Hunting the Gamma Buck Part II

Photo courtesy of Apple Creek Whitetails

What truly is a dominant buck and how does he fit into the general deer herd?

Male members of any deer herd can be divided into five types. They are: Alpha, Beta, Gamma, Delta, and Omega.

The Alpha buck is dominant both psychologically and socially. He knows he is the biggest “bad ass” deer in the herd. He is confident and controls the other bucks through intimidation. Rarely does he engage in a physical fight with other members of the herd.

The Beta is psychologically dominant, but socially submissive. They are waiting for their chance to become the Alpha. They will shows signs of submissive mass towards the Alpha, but not to other bucks. Between 70% and 80% of the bucks in any herd will be Betas. When fights do occur between bucks they are both generally Betas.

The Gamma buck is also psychologically dominant, but socially he is reclusive. These are the loners. They avoid conflicts with other bucks except during in the rut. Gamma bucks, while only about 5% of the bucks in any herd, will make up better than 50% of the trophy bucks in heavily hunted areas. They are recluses. They stick to dense cover and are seldom seen during daylight hours. These are the survivors and because of that they tend to live longer, Gammas usually have better trophy qualities than either Alphas or Betas.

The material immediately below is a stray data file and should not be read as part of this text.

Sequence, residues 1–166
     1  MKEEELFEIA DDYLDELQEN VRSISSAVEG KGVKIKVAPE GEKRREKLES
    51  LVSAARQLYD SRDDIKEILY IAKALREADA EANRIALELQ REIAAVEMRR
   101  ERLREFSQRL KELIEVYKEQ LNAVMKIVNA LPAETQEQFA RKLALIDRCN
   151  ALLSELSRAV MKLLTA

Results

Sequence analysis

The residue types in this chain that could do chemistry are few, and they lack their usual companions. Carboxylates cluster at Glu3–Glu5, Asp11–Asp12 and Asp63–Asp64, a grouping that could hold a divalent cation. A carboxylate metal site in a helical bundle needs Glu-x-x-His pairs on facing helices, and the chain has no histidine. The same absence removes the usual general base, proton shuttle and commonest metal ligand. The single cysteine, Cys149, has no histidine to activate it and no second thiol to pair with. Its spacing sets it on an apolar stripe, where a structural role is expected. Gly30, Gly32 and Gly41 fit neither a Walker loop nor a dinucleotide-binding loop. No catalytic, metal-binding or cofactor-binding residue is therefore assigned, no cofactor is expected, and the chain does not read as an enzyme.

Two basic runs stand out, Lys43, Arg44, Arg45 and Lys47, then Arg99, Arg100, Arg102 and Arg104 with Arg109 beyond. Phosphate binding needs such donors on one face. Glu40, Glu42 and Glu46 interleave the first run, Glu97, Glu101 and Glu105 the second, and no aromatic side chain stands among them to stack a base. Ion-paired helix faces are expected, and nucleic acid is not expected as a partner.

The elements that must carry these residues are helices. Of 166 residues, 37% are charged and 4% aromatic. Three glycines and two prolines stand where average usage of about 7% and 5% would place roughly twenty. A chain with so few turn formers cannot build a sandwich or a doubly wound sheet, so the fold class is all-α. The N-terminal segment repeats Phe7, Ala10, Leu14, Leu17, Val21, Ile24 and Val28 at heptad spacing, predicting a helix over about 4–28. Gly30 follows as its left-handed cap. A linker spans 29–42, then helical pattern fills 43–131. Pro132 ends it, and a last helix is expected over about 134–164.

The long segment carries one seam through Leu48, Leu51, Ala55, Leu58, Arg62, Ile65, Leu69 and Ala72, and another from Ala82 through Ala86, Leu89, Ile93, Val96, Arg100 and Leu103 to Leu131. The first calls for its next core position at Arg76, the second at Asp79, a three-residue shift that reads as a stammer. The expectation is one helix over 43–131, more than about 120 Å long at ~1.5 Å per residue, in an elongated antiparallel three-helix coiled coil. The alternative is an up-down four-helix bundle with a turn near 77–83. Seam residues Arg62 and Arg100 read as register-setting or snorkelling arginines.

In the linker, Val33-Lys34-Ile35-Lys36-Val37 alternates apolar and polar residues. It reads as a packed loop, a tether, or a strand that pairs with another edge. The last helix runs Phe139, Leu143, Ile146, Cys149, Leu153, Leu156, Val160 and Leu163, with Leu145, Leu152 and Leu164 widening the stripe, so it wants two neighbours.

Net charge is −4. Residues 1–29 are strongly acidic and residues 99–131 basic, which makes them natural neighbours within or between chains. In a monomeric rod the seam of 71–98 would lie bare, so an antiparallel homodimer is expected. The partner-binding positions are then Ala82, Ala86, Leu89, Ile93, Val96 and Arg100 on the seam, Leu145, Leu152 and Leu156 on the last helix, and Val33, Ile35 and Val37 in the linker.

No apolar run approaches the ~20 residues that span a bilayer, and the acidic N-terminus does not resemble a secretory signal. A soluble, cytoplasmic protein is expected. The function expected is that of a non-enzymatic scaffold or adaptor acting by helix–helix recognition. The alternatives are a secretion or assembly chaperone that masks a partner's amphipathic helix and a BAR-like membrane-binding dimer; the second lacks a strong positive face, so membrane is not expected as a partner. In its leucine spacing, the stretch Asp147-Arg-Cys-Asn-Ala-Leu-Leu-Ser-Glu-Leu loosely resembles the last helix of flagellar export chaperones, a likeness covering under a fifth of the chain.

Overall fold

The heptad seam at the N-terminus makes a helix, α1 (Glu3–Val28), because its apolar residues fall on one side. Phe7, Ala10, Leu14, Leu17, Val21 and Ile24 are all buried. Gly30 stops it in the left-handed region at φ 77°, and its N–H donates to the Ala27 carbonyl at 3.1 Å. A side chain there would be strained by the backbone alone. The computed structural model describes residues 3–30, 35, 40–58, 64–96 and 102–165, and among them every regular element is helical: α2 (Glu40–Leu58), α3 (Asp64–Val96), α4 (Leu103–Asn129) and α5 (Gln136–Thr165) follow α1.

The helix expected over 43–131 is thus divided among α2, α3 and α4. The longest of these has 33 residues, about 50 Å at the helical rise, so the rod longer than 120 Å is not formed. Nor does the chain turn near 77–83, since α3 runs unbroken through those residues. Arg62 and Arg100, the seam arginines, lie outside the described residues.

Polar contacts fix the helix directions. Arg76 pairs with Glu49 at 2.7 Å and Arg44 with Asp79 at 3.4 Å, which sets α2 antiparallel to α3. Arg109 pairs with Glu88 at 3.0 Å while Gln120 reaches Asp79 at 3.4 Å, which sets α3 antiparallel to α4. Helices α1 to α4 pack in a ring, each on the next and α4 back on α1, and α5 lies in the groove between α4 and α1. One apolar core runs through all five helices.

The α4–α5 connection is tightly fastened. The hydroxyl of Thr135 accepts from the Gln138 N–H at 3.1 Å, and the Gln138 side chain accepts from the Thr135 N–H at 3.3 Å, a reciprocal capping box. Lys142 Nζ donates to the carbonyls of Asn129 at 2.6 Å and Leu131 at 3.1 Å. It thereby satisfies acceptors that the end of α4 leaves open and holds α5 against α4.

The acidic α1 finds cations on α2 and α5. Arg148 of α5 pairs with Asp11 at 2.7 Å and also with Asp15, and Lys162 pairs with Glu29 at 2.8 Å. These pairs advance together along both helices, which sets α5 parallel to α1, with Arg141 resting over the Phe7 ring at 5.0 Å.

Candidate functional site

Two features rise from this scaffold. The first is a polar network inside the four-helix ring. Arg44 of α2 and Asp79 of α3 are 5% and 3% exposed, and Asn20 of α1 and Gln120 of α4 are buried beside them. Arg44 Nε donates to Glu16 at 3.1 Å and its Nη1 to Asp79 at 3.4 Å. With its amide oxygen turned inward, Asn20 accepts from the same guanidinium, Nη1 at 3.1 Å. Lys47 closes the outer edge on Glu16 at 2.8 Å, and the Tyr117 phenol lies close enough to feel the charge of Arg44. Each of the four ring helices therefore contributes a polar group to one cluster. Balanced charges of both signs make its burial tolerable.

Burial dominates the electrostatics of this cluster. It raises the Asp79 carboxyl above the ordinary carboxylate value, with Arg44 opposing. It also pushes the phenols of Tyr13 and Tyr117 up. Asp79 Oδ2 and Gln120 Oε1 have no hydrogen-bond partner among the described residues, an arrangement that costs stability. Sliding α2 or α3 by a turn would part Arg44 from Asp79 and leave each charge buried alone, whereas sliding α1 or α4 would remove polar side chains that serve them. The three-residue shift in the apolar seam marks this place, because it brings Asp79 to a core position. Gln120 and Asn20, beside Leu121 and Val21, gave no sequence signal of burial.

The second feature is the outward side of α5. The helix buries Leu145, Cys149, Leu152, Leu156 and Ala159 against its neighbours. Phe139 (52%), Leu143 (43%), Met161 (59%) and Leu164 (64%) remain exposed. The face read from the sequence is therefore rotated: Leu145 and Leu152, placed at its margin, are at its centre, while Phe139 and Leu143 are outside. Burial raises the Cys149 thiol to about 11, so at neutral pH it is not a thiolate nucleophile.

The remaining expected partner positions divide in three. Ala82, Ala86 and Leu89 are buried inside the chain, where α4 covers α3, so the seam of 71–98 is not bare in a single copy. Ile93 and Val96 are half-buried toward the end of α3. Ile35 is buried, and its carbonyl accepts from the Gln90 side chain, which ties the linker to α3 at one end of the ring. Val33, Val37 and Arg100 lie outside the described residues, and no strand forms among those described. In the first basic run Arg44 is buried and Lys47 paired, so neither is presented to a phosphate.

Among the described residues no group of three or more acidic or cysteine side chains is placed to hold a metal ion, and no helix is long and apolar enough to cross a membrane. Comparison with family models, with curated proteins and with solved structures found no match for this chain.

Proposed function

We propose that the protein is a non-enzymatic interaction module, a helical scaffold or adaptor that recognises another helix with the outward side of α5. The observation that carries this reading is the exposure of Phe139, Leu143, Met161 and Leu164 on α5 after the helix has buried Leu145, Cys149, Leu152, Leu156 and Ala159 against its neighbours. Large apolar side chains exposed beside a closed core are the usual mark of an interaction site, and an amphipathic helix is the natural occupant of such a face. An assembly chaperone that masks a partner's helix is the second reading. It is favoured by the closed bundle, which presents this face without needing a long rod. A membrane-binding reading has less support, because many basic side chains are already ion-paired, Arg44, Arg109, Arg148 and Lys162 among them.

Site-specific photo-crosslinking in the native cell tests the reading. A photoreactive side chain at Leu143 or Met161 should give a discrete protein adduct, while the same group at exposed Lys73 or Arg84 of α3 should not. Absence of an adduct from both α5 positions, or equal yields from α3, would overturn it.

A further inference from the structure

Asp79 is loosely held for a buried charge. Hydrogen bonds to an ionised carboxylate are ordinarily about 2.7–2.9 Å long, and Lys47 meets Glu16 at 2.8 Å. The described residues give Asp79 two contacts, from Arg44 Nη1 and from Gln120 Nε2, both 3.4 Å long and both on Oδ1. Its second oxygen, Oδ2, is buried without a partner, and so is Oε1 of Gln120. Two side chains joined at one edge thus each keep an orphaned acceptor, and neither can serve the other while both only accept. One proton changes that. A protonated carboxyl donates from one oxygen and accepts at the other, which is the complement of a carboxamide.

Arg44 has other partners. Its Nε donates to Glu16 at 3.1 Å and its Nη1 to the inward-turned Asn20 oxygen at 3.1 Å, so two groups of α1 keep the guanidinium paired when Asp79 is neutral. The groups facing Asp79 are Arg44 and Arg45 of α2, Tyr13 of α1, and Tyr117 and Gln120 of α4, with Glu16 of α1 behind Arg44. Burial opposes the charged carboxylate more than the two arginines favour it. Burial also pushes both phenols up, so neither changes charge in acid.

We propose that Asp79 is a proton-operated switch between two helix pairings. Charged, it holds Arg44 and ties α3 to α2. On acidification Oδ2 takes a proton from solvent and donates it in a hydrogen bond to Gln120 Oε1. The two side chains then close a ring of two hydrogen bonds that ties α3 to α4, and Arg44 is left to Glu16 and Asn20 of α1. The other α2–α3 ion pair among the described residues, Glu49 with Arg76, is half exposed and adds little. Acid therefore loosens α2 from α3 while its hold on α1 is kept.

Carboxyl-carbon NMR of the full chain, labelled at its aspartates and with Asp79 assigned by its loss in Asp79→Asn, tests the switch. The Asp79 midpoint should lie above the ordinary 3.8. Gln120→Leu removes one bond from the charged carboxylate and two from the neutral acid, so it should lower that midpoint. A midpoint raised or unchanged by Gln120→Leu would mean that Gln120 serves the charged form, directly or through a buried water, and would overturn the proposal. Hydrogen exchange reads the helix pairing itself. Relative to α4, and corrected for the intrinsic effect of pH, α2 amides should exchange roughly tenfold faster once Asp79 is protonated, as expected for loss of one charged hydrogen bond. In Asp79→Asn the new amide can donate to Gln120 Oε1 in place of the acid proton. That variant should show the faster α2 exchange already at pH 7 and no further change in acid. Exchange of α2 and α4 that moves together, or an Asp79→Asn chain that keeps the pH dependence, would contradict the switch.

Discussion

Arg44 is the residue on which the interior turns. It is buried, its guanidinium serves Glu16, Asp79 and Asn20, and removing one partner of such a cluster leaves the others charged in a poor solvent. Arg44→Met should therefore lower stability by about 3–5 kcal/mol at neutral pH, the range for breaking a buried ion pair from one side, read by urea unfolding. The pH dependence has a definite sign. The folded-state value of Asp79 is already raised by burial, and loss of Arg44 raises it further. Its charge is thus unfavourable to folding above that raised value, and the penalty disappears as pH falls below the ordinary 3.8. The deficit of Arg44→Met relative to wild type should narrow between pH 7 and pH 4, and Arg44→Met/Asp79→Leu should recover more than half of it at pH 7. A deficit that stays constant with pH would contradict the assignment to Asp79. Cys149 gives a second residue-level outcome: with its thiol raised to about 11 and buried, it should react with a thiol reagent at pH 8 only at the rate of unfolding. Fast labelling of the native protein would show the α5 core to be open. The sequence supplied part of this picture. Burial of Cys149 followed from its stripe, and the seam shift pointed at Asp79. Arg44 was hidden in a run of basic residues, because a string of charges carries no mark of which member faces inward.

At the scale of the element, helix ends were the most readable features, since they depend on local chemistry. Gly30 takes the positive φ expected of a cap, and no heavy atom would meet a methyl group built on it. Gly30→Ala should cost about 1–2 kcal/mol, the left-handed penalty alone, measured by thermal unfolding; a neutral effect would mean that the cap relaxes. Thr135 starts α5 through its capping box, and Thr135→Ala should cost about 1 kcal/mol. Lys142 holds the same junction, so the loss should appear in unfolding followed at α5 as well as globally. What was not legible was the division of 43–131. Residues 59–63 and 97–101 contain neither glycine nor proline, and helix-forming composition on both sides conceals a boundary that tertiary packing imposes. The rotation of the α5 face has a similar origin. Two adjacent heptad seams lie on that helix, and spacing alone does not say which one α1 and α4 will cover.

The Delta buck is submissive both socially and psychologically. Here’s the six or eight point buck who hangs around the doe group year-round. He is not only intimidated by other bucks, but by the does as well.

Lastly we have the Omega buck. He is psychologically submissive and socially a reject. He tries to seek acceptance anywhere he can. These are the bucks we see in videos walking into people’s kitchens and eating cookies from peoples hands. They will do anything to be accepted.

Both Delta and Omega bucks seldom live over two years in open range. They have the suicidal habit of standing in open fields during hunting season. Alpha bucks have a short life spans as well. Not only are they the targets of other bucks, but because of their high visibility they are also a prime target of hunters.

Most hunters automatically assume every oversized buck is a “Super Alpha”, when in fact he is more than likely a Gamma buck.

(This is part two of a series of articles on Gamma bucks)

Good Luck and Good Hunting,
Jim

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